The prime minister Roosevelt Skerrit lived, as he still does, as if he were more the emperor of the island than a mere elected official, in the way that small-island leaders can more easily believe that they truly rule an entire country due to its size, and the ridiculous things he did were just what we came to expect: flying in Dominicans on chartered flights to vote for him on election week, renaming “demonic” mountains to spiritually “cleanse” the island, erecting an obscene lavish government building only describable as a palace near to the abject poverty of zinc-roofed shacks in our capital city, entering restaurants with guards and telling its patrons they had to clear out, yes, I Roosevelt Skerrit am here and this is now my meeting room, all you have to go. If a woman knocked on your door on a rainy night wearing a long dress, you had to check to make sure one of her feet isn’t a goat’s, or you would have let in La Diablesse, a distaff demonic being. My cousins told me they saw her once in the forest, chests huffing from running, both amused and unnerved.
It was an attitude, not of gullibility, but just of ontological pliability. If you believed God could raise the dead and flood the planet at well, you could believe, as was once announced on the radio, that the presence of a “satanic” dancehall artist who was scheduled to perform in Dominica was the cause for missing goats and a car accident, or that two women who infamously passed each other and froze one afternoon were soucouyants, blood-sucking witches unable to continue walking unless one of them ceded power and allowed the other to go. (This latter incident drew a massive crowd and even appeared on the local news.) I retained this flexible attitude, at least while back home, even when I became an atheist—and many so-called magical realists or fabulists, like García Márquez, were similarly nonbelievers, from Salman Rushdie to Italo Calvino to Angela Carter.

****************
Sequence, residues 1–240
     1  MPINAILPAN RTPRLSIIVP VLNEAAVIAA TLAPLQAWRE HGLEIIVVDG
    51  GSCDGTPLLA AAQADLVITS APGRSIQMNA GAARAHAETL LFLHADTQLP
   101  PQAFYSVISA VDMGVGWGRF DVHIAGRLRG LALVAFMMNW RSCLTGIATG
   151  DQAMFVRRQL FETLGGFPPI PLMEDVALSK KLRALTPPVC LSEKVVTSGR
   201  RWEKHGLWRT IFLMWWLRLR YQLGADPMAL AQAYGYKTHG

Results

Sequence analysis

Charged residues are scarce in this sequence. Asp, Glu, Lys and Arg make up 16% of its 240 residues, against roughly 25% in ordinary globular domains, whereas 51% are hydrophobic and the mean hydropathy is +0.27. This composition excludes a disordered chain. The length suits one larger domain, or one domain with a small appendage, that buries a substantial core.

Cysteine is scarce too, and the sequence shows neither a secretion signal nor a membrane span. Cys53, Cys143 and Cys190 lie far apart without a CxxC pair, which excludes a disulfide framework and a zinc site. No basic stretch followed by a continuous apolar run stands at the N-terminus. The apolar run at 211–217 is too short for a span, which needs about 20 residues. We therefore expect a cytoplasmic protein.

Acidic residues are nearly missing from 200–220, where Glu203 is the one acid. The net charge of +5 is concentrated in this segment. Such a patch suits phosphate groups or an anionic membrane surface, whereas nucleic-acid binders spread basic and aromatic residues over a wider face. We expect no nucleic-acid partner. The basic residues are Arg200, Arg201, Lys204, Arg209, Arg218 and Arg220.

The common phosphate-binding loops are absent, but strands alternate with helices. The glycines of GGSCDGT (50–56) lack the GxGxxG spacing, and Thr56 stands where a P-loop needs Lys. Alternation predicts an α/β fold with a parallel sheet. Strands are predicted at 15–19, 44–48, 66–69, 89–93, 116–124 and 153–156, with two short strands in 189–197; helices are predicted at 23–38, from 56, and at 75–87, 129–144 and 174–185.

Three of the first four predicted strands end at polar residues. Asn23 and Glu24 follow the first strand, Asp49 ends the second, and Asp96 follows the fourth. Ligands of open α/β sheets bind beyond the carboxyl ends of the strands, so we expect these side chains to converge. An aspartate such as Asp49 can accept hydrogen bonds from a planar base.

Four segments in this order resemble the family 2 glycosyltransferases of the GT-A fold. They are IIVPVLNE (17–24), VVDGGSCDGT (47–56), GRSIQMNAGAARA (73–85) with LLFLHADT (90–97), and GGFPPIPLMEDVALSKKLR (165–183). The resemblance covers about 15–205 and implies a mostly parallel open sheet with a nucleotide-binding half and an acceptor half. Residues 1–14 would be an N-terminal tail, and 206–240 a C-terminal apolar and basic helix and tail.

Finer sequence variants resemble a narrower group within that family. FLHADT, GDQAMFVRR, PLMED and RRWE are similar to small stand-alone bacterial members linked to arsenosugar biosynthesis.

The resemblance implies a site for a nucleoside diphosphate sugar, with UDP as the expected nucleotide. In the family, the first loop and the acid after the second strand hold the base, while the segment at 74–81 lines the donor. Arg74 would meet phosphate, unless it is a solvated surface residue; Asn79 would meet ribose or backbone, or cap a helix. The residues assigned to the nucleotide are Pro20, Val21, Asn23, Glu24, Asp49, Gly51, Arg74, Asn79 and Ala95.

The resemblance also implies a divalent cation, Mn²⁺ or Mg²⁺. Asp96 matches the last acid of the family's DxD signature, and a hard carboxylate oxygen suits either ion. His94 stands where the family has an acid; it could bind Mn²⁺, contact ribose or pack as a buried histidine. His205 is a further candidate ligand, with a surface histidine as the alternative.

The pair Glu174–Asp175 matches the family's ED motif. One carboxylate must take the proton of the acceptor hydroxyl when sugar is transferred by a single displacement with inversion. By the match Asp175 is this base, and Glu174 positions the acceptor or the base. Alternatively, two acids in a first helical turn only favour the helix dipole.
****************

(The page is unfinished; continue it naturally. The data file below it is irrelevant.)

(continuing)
As a child, though, I didn’t think anyone wanted to hear our stories. I just assumed my world was lesser than that of the Americans and Europeans I read books by. I didn’t yet know the language, the voice, of my home, even as I spoke it each day.
I discovered One Hundred Years of Solitude in a literature class. When I began it, I was astonished. Here was a book that captured, for the first time in my life, precisely the limber, luminous, ludic sense of reality I had felt growing up. It wasn’t a serious novel attempting to show a world overrun by plagues and dangerous magic; at the same time, it was precisely that, in the particular Caribbean way that we can chuckle at the Brobdingnagian absurdities we grow accustomed to expect as part and parcel of everyday life.
Life, García Márquez taught me, can be described in literature—but we each have to find the way of writing that fits the world we inhabit. There is no one-size-fits-all in writing; instead, some worlds can only be captured in certain ways. I have never forgotten this, and this is why García Márquez will always remain one of the brightest stars in my night sky.